Good news for landlords, bad news for renters as U.S. Census Department and Rent.com agree that double digit rent hikes are on the way across America. Traditional news outlets point to this as a sign of economic recovery, we point to it as a sign of the opposite.
Vacancy rates have remained around 10% over the last three years with predictions of 5% vacancy by next year, and with the continuing housing crisis, existing landlords (especially multifamily) are in a good spot- consumers lack confidence in housing and financing is tough, making renting more common. This does not spell economic recovery, it simply spells landlord luck.
The stigma around renting is fading across the board and Realtors who used to be apartment locators are returning to their old stomping grounds despite locator fees having dropped substantially over the years (and most multifamily not paying on send only).
For the last decade, national rent increases have averaged 1% each year and in hot spots, we’ve seen 5% increases quite regularly, making a projected national average of 10% straining on the rental population- here in Austin, we’re seeing some 17% rises and in Boston 30%, leaving some renters in a non-qualifying status, forcing unexpected moves.
In the last six years, 1.2 million American adults have moved back in with their parents. We expect to see that number rise as double digit rent increases set in. We anticipate local tenant councils will be very busy over the next few years as renters are caught off guard by such spikes.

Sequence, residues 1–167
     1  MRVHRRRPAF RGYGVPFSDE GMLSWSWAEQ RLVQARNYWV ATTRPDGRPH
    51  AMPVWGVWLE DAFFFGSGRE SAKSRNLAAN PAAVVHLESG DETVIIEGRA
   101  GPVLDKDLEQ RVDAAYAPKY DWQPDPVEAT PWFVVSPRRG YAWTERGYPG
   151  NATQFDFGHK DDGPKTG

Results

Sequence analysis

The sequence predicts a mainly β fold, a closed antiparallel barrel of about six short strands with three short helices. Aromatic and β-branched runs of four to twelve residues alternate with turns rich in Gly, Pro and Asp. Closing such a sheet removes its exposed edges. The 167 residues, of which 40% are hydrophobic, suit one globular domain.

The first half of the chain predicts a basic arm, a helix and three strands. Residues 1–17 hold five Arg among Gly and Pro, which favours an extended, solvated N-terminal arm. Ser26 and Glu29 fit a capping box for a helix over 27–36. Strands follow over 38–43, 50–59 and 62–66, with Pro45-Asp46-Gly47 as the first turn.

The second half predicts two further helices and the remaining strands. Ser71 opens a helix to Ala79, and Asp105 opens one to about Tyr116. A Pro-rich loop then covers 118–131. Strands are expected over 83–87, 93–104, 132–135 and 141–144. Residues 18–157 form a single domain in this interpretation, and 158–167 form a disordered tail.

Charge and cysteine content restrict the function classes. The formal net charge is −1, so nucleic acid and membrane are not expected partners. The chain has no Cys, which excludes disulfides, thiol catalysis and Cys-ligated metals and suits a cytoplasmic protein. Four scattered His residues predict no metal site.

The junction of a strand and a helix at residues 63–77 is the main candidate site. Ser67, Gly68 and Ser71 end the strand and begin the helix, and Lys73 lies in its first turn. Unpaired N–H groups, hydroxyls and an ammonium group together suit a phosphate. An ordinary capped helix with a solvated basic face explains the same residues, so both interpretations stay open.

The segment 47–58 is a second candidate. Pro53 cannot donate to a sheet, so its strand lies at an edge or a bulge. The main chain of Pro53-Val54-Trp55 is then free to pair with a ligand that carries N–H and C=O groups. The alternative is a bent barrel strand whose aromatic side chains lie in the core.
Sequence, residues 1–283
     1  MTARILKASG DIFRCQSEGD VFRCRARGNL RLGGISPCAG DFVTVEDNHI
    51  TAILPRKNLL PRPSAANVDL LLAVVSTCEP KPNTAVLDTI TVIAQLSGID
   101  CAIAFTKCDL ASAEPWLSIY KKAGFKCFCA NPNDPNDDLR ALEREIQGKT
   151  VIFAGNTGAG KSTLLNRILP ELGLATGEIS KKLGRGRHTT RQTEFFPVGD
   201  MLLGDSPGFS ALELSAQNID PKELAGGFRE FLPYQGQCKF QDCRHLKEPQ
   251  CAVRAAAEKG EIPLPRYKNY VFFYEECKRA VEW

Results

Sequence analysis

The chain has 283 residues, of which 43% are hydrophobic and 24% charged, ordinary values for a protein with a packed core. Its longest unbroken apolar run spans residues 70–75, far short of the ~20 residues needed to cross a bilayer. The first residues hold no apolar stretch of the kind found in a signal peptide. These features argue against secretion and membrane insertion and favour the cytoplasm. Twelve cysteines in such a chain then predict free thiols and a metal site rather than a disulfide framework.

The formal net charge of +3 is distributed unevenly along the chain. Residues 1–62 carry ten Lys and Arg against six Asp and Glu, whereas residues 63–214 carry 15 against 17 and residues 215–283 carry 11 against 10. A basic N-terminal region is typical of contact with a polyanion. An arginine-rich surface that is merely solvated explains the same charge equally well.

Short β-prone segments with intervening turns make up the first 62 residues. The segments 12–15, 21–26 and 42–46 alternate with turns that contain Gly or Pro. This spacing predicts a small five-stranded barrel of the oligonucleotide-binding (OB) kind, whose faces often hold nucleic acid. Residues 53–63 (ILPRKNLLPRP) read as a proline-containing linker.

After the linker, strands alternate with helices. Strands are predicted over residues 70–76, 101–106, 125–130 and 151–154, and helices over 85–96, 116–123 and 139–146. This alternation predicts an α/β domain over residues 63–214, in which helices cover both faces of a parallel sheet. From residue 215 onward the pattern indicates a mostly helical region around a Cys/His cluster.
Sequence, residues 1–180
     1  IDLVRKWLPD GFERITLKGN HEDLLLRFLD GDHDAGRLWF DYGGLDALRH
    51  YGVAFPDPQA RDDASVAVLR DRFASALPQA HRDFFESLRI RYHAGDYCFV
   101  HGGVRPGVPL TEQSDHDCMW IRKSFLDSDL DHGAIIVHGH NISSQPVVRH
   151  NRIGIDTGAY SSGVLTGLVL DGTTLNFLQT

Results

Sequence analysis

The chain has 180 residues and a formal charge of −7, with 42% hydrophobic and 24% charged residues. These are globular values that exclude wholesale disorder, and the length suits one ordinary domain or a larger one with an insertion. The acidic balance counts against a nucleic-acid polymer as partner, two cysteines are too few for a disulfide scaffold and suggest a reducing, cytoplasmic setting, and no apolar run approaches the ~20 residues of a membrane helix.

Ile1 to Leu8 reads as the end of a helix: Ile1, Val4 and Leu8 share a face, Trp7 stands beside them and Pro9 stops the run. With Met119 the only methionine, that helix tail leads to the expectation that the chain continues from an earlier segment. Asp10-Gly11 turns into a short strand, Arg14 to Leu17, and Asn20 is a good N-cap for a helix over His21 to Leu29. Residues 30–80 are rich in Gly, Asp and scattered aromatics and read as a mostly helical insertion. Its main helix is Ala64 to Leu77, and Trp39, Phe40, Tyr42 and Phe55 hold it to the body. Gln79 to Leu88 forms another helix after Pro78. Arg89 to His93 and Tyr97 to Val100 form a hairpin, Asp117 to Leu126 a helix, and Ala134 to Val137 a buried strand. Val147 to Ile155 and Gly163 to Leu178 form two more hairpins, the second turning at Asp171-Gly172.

Property owners and multifamily managers will take advantage of this situation to improve cash flow as the housing crisis continues and renters who are scared of buying will have their fears reinforced as they rarely see the difference between the rental sector and the housing sector (they’re all scary now).
Economic recovery? Absolutely not- rapidly rising rental rates point out a weak spot in the market, not strength. Moms and dads of America- you better get the guest room cleaned up, the kiddos are moving back in. It won’t last long though, as this is the unfortunate first step and first bubble on the way to recovery.